Beyond tools: Pricing fundamentals
While digital tools and data sets are changing the way that companies make pricing decisions, they haven’t changed the fundamentals. Tools are most effective when they support strong existing pricing logic and capabilities. Four principles can help executives bring the right mindset to the process.
Pricing cannot operate in a vacuum. There’s no better recipe for disaster than failing to think through the implications of pricing before entering a market. One maker of telecom equipment entered an adjacent market with products that were listed on the high end and for which it offered deep discounts. But customers of the market were accustomed to seeing lower list prices and receiving smaller discounts. The high list prices on the equipment maker’s products hurt sales, even though the final prices (after discounts) would have been very competitive. Leaders invest the time to connect pricing strategy to business, product and go-to-market strategies.
Segmentation, segmentation, segmentation. Digital technologies can make it easier to segment the customer base and help companies better understand what customers value. But segmentation still requires the exercise of thinking through who your customers are and what their needs are. Understanding customers helps companies determine where a price premium can make a difference. A one-size-fits-all pricing approach always leaves money on the table.
Garbage in, garbage out. Clean data trumps sexy analytics every time. We see a lot of focus on data science and data visualization—the presentation of results. But digital leaders spend a lot more time upstream, understanding the data engineering part of the equation, setting up the right data feeds and getting clean data that’s in a usable format.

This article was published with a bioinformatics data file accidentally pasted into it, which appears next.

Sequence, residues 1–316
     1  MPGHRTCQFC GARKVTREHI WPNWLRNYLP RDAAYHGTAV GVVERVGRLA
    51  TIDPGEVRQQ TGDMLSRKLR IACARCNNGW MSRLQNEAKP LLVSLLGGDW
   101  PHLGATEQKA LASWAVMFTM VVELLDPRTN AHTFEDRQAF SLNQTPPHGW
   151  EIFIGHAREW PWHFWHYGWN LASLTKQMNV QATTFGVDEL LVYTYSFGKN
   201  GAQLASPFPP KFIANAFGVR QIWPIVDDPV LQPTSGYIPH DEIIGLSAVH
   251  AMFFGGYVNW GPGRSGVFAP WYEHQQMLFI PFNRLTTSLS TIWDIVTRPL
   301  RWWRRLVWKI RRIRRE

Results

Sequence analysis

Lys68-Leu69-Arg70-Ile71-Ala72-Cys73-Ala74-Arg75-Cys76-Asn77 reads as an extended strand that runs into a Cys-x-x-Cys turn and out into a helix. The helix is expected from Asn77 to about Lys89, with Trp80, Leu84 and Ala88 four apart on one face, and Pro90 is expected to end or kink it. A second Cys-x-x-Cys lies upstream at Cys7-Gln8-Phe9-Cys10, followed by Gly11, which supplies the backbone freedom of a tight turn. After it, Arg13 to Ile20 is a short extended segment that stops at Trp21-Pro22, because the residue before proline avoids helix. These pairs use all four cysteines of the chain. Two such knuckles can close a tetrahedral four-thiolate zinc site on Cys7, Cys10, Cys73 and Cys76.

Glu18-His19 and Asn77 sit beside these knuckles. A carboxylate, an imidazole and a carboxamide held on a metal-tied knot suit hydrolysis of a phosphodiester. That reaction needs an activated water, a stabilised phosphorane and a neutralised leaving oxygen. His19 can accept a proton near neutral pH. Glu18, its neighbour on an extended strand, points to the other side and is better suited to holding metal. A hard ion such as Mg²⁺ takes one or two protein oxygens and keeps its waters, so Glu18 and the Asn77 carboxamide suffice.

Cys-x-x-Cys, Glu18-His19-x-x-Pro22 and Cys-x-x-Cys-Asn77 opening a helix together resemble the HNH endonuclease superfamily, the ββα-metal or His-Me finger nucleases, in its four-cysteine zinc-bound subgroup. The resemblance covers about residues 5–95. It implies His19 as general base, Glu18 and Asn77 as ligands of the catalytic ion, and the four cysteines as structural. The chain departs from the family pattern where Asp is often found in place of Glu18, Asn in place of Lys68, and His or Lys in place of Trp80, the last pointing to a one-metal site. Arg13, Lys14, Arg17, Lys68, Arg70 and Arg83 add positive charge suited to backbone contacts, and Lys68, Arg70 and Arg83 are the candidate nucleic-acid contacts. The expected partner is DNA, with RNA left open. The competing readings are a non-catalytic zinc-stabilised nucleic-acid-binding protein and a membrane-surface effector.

Cross-functional accountability. Pricing is an inherently cross-functional discipline, and typically, no single team owns all of the elements critical to effective pricing, including approval processes, capability roadmaps and pricing strategy. This lack of a single point of accountability can result in workarounds and inefficient handoffs between departments for key decisions. Pricing, however, is important enough to warrant a very clear articulation of decision rights and a detailed understanding of the ways those decisions are communicated throughout the organization—even if final decisions remain with product and market leads.
Given the need to coordinate sales teams, resellers and other indirect distributors, pricing has been a challenging discipline for some B2B companies. Recent developments, digital or otherwise, have only increased the urgency for companies to get pricing right. Purchasing departments have become more aggressive, sophisticated and digitally savvy, and in many cases, they are expanding the spending categories they manage. Also, it’s relatively easy for buyers to get price information through an Internet search, which can knock out a supplier from consideration before it even has a chance to start conversations with potential customers.
In this more fluid environment, companies are hard-pressed to capture the full value of their products and services. Digital pricing tools and harnessing digital data sets can help, but executives should always remember that they are only a part of the overall path to pricing full potential.
David Burns is a partner with Bain & Company in Chicago, and Justin Murphy is a Bain partner in San Francisco. Both work with Bain’s Customer Strategy & Marketing practice and specialize in pricing solutions.